Updated: Sep 21, 2018
In 1214, on the Feast Day of Exaltation of the Holy Cross, the Latin patriarch of Jerusalem was assassinated during a procession in Acre. The assassin was a disgruntled former master of a hospital in Piedmont, who the patriarch had earlier removed from office for immorality. In the early morning of 17 January 1369, the king of Cyprus, Peter I, was assassinated as he was dressing. Two knights, Philip of Ibelin and Henry of Jubail, burst into his chamber. With one arm in the sleeve of his jacket, the king was helpless as the two men struck him with their knives. The bailiff of the court, who Peter had earlier threatened with execution (the king had been in a perhaps understandable fit of rage because there was no oil for his asparagus!),* carried out the coup de grace, decapitating the dead king and shouting: “You meant to cut off my head, and now I have cut off yours, and all that you threatened has fallen on you." To add insult to injury, a Turcopole who was not even part of the plot but did not wish to find himself on the wrong side, cut off the king’s privates, adding the telling remark: “It is this that cost you your life (always a good line).
These are just two examples of assassinations by disgruntled men, and the lesson we might learn from all this is that people in high places should be very careful about whom they offend - a lesson which might be true for everyone in any time. But of course history is full of examples where there were other motives for assassination than being offended.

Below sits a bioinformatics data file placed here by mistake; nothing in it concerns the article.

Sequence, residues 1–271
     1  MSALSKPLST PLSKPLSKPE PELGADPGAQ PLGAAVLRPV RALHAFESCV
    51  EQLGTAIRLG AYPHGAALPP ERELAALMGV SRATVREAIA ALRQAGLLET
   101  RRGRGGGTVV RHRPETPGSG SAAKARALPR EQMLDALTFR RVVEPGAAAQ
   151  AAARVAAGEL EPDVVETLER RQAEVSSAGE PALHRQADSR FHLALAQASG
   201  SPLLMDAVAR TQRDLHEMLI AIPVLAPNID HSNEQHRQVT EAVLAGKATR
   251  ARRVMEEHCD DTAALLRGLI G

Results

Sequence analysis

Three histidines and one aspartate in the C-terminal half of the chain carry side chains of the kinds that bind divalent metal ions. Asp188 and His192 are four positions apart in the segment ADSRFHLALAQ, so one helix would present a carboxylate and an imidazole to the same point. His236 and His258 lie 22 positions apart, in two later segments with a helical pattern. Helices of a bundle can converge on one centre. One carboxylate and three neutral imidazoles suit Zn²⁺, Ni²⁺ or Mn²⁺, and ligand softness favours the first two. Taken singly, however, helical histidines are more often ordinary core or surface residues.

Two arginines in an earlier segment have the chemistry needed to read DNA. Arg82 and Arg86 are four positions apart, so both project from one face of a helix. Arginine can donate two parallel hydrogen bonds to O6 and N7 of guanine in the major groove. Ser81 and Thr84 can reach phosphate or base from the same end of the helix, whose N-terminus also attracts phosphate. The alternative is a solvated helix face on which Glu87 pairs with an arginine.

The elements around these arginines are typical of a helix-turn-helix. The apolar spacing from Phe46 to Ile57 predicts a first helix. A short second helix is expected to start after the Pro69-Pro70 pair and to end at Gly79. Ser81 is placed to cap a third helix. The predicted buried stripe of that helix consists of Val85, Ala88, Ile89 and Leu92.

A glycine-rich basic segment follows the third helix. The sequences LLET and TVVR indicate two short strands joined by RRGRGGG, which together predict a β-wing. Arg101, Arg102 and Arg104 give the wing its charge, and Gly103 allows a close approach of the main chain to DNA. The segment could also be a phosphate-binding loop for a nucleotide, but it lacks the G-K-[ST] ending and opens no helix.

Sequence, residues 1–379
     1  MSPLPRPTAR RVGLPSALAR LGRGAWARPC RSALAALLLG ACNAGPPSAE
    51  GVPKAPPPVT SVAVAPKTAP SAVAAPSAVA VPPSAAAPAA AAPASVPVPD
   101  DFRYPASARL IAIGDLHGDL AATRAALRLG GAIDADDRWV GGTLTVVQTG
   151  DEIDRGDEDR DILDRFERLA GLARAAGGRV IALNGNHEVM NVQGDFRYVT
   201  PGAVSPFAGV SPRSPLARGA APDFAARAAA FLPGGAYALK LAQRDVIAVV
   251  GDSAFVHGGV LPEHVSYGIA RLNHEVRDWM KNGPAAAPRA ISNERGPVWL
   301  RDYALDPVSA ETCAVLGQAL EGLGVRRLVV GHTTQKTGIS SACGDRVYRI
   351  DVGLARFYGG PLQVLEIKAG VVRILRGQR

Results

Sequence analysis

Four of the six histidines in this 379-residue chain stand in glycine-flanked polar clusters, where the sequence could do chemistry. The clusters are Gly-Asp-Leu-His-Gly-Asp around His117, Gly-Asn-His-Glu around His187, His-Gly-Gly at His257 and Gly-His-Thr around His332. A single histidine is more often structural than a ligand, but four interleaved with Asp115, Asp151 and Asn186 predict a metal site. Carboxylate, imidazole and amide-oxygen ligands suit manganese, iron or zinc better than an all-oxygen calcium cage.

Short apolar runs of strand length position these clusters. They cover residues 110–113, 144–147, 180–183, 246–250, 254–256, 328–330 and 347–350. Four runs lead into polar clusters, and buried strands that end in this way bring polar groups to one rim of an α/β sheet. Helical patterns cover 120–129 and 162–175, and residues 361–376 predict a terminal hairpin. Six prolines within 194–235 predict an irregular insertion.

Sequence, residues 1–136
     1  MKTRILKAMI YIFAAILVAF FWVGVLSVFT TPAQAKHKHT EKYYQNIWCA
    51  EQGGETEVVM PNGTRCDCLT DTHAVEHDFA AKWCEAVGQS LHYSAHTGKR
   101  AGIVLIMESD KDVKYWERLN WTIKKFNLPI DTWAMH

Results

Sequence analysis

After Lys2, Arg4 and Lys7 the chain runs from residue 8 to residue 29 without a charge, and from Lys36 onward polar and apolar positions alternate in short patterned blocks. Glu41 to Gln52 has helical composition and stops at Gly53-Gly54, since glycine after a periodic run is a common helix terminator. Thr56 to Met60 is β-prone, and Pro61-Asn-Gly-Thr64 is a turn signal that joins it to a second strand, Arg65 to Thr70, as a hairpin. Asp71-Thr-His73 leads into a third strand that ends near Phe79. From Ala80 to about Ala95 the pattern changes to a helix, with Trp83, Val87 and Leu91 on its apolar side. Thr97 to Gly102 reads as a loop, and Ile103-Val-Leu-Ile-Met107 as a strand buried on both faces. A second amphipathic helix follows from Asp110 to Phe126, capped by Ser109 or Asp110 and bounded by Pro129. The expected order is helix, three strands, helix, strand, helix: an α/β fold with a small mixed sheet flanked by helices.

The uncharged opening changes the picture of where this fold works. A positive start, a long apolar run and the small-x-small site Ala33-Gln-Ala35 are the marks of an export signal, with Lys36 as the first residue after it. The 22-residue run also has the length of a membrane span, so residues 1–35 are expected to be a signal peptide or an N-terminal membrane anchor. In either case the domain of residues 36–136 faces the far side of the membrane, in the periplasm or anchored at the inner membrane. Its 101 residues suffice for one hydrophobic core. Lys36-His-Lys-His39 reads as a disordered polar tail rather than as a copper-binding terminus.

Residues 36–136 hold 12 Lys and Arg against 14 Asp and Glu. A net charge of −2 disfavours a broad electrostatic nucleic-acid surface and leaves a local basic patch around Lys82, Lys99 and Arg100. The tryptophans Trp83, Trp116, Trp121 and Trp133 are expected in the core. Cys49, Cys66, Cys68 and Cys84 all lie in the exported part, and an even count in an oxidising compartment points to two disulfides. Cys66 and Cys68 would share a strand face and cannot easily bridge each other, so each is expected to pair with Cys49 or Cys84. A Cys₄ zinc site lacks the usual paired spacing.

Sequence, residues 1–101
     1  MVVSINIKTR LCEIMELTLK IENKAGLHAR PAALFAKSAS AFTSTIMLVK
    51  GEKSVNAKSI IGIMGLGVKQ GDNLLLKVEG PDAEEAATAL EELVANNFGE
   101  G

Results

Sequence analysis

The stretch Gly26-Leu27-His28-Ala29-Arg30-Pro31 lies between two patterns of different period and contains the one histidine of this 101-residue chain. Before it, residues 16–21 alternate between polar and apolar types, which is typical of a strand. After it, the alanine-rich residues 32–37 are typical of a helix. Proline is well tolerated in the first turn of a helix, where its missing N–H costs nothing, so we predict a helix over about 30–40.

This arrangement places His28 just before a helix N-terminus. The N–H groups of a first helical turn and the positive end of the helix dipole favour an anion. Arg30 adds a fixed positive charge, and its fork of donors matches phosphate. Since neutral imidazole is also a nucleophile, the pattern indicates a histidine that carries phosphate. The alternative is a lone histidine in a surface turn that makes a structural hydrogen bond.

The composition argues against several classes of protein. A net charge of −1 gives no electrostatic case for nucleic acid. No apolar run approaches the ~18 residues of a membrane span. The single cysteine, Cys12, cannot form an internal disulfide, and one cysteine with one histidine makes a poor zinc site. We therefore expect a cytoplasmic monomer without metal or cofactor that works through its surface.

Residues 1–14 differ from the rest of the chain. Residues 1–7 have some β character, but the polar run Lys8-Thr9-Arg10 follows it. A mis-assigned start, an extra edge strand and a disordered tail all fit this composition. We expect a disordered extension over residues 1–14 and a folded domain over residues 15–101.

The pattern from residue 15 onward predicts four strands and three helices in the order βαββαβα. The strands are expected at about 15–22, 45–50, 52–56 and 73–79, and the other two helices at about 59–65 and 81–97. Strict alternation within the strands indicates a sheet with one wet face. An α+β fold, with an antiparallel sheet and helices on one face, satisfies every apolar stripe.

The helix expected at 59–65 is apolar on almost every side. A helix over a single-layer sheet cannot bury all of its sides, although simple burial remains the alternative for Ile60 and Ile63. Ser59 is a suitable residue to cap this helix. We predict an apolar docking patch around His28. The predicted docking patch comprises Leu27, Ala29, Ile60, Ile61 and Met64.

During a pleasant walk on a sunny day in 1963, someone spoke to my American born mother, and from her reaction I realised that something significant and terrible had happened. Like many others of my generation, that November day was the first time that I encountered the word "assassination". It was a word, which, with all its heavy baggage, would return rather too frequently over the coming years.
The source of the word is the Persian حشاشين (Hashshashin), the name of a radical, medieval Muslim sect, the Nizārī Ismailis, a mysterious breakaway order of Shia Islam that was established in the late eleventh century and set up its headquarters in isolated mountain fortresses in Persia. By the twelfth century its Syrian branch, centred at the castle of Masyaf, was led by Rāšid ad-Dīn Sinān, known as the Old Man of the Mountain.
In the 1995 BBC documentary, Crusades, in attempting to illustrate the unqualified subservience of these Assassins to their leader, Terry Jones made a comparison with a wonderfully asinine Monty Python sketch about the Queen's Own Kamikaze Highlander Regiment. When ordered to do so, these kilted imbeciles happily jumped to their deaths from the battlements of Edinburgh Castle, just as their officer was being questioned as to how many men there were in the regiment, his answer being progressively fewer. But the delightful, brazen idiocy of the Monty Python sketch is a world away from the incomprehensible acquiescence of members of the Ismaili sect, which seems closer to the suicide terror we are all painfully acquainted with today, the chief difference being that the modern suicide bomber is motivated by a deviation of religious teachings, whereas the Assassins were hired killers of Christians and Muslims alike.
*This wonderful detail is noted in George Hill, A History of Cyprus, vol. 2, Cambridge, 1948, p. 366, n. 3.